A Visit from Beyond the Pale


 

Twenty-Four years ago, give or take a day or two, my mother called me at six o’clock in the morning.  My mother never called me, so immediately I knew; she said, “Kenneth, you had better come over now.”  That was what we called “Granny Speak” – she was telling me that my stepfather had died in the night.  And it was about as close as she ever got to really saying the thing she was saying.  It was not unexpected, my stepfather had been sick for years.  For the last two he had been getting weaker;  and for two months he had been on hospice care.  I normally went over every morning before work – and two other times during the day – to change his bandages.  He had open sores on his legs that needed to be kept bandaged; the bandages need to be changed three times a day.  He had the sores for twenty years.  There had been dozens of doctors and he had been in the hospital many times during those twenty years, but no one could diagnose him properly, nor cure the sores.  But it was not the sores on his legs that killed him, it was cigarettes.  I still have his last cigarette. It is just a butt smoked most of way down.  He had been unable to finish it – although he had been trying off and on his entire last day.

He died like many of his generation from the lung cancer.  It had been a long slow and painful process, as it is for everyone who smokes long enough.   My father died from the smoking related causes, as did his wife and one of his brothers.  My mother’s sister and her husband also died of it and so did Maria, my ex-wife and her brother.  Maria was not of their generation.  But like many in my generation, Maria learned to smoke from them.  She could never quite give it up, although she tried.  Our generation is usually luckier than theirs.  We learned from from them to smoke, but we managed to quit – that is most of us managed to quit, not all.  Did you read that see the Marlboro Man just died of cigarette related causes?  He was my age, not of my father’s or stepfather’s generation.  Cigarette smoking was the scourge of the 20th century.

Back to my stepfather, over the course of our lives we had lots of arguments – really loud, shouting arguments.  It was his style and I learned it well, especially when I was an adolescent. We did battle daily and made everyone around us miserable in the process.   By the end of his life, we had  given up arguing seriously.  We still had our token arguments, but they were just for show and tame by comparison.  He was too sick and tired most of the time to have a really good argument.  Besides, as I matured, I wanted to avoid arguments. Somehow, they are not fun anymore.   However, two nights ago, my stepfather and I had a doozy and it was about cigarettes.   I was demanding he stop smoking, he of course refused.  My poor mother was caught in the middle, as she always was when we had one of those arguments.  They were sitting next to each other at a dinner table, rather like a Thanksgiving dinner.  He had his arm across the back of her chair, lightly touching her shoulder and her cheek.  It was a common position for them; I could see the tears in her eyes and the defiance in his.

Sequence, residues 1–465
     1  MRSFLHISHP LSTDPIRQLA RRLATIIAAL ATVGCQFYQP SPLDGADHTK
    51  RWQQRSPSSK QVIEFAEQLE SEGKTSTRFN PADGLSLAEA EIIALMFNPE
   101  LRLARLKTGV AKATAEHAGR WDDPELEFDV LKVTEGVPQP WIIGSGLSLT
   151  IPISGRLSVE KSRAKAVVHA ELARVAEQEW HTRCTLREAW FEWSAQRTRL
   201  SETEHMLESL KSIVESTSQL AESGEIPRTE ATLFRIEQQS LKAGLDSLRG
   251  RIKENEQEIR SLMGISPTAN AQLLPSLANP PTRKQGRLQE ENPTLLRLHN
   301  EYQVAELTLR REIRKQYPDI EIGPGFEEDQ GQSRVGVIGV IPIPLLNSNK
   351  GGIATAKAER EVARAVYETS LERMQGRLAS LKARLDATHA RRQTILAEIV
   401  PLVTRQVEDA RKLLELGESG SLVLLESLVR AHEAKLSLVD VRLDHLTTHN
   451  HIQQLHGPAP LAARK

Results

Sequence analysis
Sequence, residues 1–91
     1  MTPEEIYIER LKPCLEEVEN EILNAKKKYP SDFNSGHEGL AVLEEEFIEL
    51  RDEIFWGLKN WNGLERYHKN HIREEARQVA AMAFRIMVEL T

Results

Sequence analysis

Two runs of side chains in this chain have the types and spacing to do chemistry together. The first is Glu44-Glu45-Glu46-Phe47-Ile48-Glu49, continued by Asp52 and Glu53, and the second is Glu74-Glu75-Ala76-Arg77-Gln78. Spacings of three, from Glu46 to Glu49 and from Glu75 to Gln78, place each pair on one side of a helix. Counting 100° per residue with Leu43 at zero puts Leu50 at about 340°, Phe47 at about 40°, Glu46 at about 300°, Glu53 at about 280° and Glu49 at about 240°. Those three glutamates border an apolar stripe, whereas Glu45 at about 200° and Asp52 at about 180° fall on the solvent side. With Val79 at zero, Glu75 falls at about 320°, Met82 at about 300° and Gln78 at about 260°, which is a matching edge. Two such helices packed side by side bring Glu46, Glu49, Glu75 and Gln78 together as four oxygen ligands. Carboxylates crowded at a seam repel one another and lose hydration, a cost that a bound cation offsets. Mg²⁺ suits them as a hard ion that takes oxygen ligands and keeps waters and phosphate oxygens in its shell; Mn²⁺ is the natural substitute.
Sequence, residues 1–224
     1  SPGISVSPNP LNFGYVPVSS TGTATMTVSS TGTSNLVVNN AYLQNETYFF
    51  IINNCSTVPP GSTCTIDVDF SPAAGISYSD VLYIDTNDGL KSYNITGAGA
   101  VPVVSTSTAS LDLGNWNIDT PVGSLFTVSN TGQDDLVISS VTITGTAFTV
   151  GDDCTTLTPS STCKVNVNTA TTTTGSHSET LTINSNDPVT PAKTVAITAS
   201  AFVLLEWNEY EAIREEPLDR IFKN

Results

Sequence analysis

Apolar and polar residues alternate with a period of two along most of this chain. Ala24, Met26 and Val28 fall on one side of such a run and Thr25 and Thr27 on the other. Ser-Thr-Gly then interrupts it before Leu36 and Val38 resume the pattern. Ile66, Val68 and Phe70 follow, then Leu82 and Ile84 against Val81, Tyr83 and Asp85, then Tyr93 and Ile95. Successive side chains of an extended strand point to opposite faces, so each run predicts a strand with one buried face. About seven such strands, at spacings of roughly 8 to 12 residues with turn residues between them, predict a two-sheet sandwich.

We battled on and on, until the inevitable happened, I had to get up and go to the bathroom.  He will be a hundred and four on Titanic Day; he was proud to be born on the day the Titanic sank.  And of course it always made it easy to remember his birthday.  He did really try to quit smoking a few times, but couldn’t quit then and can’t quit now.  It was a sad dream.  He would have been dead by now anyway, but he did not have to die when he did; Maria did not have to die when she did or  with that much pain; nor did my uncles and aunts.   To paraphrase the bible, “the wages of cigarettes is death.” If you know anyone who smokes encourage them to stop.  But don’t yell and scream about it, that doesn’t work.  I know, I tried it with my stepfather in life and in death and I tried it with Maria.  I failed both of them with my anger.  Maybe that is why, once in awhile, we gather around my bedroom and argue about cigarettes yet one more time.  Talk about trying to get in the last word, but it is futile on my part.  The dead always get the last word, don’t they?

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2 Responses to “A Visit from Beyond the Pale”


  1. 2 Ken Adams February 1, 2014 at 1:57 pm

    it was indeed a dream – and my dream world is filled with the long-dead; not everyone is dead, but somewhere there is always a dead person lurking in the shadows, waiting to continue an unfinished dialogue.


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